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Old 08-05-2008, 10:56 PM
 
1,422 posts, read 2,295,501 times
Reputation: 1188

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Quote:
Originally Posted by middle-aged mom View Post
I have no desire to convince you otherwise.

As a listing agent, I look to the MLS to profile the buyer's agent. I know if the firm is a rebator, how much experience the agent has, where they have done business, the list to close ratio of their previous transactions, and how long since the last transaction and how hungry they are to make a sale, any sale. Our broker was equally able to do the same with the selling agent!!!

I love to get an offer from an agent whose license hangs with a broker whose only claim to fame is that they rebate a portion of their fee to the buyer. Our broker has years of experience and he did a great job for us - we had no problems whatsoever.

Most of the larger agencies that rebate a significant part of their commission to the buyer (in those states where it is legal to do so) work huge geographical areas and the agents do not know the dirt and do not have the time or financial motivation to do their homework.

I know this and use it to my client's ( seller's) advantage. Not the case with our broker - he knew our town well and was very familiar with the local market.

I am intimate with the local comps unlike the Rebate King and know why a place sold for what it did, when it did. Ummmmm our broker ran through dozens of comps with us and we had enough local knowledge to be comfortable with our own decisions.

That in 5 days, the overpriced listing next door is going to become relo-owned and sell at a serious discount to some fortunate buyer who is represented by an agent who brings more to the table than the ability to drive a car and fill in the blanks, on a contract. Our broker knew about upcoming foreclosures - none were in our chosen area.


I know that the school bus route requires the kids to be at the corner at 6:15 AM, even though school does not start till 7:45, unlike the house for sale, 2 blocks away. If I had kids I'd be finding that info out for myself.

I know that the guy next door was a convicted sexual offender, no longer tracked by the databases. Agreed - this would be useful if offender off database - we checked the database anyway.

I know that the house behind you is known as party central with the local high school crowd. Any smart buyer drives by a few times at night and at weekends to see if there is any excessive noise. And during the day to see if there are lots of teens in the area.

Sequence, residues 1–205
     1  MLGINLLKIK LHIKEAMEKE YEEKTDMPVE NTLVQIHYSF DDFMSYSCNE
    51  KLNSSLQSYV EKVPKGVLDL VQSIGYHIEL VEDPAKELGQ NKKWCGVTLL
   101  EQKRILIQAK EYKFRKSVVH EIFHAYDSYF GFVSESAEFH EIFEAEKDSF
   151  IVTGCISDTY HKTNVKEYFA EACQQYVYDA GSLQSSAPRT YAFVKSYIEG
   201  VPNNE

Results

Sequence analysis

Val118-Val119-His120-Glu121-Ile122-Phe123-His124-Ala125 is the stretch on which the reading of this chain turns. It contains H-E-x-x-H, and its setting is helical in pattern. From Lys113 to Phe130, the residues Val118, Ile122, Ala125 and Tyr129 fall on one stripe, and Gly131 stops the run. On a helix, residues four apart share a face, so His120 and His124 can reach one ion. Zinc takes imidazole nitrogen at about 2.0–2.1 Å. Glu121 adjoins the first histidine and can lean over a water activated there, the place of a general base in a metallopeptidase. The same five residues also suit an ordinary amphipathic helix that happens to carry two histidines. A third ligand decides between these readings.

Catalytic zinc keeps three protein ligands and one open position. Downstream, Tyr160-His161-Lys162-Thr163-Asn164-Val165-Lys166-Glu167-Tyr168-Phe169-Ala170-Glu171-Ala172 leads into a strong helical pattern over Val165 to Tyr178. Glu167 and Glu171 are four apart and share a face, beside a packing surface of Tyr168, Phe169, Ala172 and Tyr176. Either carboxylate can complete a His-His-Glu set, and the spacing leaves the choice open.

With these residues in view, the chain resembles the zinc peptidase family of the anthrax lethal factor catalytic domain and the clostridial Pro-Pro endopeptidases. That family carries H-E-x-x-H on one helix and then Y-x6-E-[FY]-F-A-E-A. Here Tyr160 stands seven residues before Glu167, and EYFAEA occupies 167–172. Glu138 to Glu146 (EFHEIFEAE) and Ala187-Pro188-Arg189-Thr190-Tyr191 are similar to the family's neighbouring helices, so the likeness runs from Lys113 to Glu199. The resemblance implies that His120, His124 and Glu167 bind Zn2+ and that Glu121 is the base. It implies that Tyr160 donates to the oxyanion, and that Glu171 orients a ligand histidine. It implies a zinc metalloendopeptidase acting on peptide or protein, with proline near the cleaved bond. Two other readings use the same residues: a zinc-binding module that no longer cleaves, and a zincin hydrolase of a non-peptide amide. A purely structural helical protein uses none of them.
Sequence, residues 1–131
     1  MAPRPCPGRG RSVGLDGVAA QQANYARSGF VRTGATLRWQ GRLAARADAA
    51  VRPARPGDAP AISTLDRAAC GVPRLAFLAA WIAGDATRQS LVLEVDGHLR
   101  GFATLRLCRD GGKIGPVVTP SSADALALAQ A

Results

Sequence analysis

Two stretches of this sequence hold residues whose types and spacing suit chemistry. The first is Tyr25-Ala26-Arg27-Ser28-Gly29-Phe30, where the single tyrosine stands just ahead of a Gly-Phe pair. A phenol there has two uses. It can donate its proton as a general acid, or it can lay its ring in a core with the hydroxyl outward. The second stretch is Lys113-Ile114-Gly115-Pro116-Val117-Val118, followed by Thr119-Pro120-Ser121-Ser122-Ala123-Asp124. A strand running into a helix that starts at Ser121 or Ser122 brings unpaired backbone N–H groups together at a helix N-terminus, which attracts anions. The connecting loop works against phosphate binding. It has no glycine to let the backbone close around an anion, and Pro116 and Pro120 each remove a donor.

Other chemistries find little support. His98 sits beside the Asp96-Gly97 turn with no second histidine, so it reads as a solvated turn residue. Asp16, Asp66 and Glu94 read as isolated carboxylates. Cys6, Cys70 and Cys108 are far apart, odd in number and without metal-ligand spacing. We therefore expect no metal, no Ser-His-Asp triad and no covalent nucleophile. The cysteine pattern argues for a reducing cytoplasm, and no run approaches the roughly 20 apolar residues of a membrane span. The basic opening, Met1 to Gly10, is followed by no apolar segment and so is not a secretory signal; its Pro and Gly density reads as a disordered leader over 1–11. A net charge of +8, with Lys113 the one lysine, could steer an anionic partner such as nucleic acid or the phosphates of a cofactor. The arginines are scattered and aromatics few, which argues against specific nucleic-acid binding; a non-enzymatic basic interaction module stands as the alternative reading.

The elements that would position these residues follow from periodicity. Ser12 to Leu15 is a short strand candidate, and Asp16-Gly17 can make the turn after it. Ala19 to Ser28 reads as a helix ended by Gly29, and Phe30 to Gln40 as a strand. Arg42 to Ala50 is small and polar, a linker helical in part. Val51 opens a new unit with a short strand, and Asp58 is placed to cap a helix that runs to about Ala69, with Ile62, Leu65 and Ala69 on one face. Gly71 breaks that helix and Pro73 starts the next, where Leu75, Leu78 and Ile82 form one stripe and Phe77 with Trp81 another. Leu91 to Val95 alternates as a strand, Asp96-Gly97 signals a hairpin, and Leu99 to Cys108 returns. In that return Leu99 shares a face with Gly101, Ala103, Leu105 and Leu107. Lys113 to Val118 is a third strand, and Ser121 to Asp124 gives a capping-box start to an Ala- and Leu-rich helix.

What I don't know are your priorities or values, because my job and loyalty belongs to the seller. Who is looking out for your best interests?
I am, always!!!!!

I know there are a lot of utterly clueless buyers out there who need all the help they can get - buyer's agent bread and butter.

For a well informed buyer who has done their research and isn't afraid to negotiate then I still fail to see the value in them.........
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Old 08-05-2008, 11:05 PM
 
Location: NW Las Vegas - Lone Mountain
15,756 posts, read 38,064,258 times
Reputation: 2661
Quote:
Originally Posted by London Girl View Post
Interesting that the link you posted is from.............the National Association Of Realtors - surprise surprise!!!!!

And includes some sweeping statements that bear no resemblance whatsoever to my experiences..............

I have always paid 1.25% commission and advertising (in local papers and online) has always been included in this fee.

And, of course they show homes!!!!!!!!!!!!!!!!!!!!

And look at the testimony - NAR Testimony - The Changing Real Estate Market - July 25, 2006 - no smoke without fire if you ask me - somebody obviously felt the need to ask these questions..........
The facts however is the systems are quite different and not easily compared. At the end of the day it costs more and takes a lot longer to sell a house in the UK. That is the cosidered opinion of my sister an English Chartered Accountant and oft resident of both countries.


A quick check of the total cost to a seller indicates that the Euro sale overall costs a percent or two more than a US sale and takes longer. Different systems.

As a general rule a semi-skilled civilian can sell or buy cheaper without an agent. If however the deal goes bad that civilian is in impossibly deep yogurt and may well take a savage bath. That goes even for semi-pro like Bentlebee. It mostly works OK and as long as it does you will save some money. You will lose all those savings and more if it goes wrong.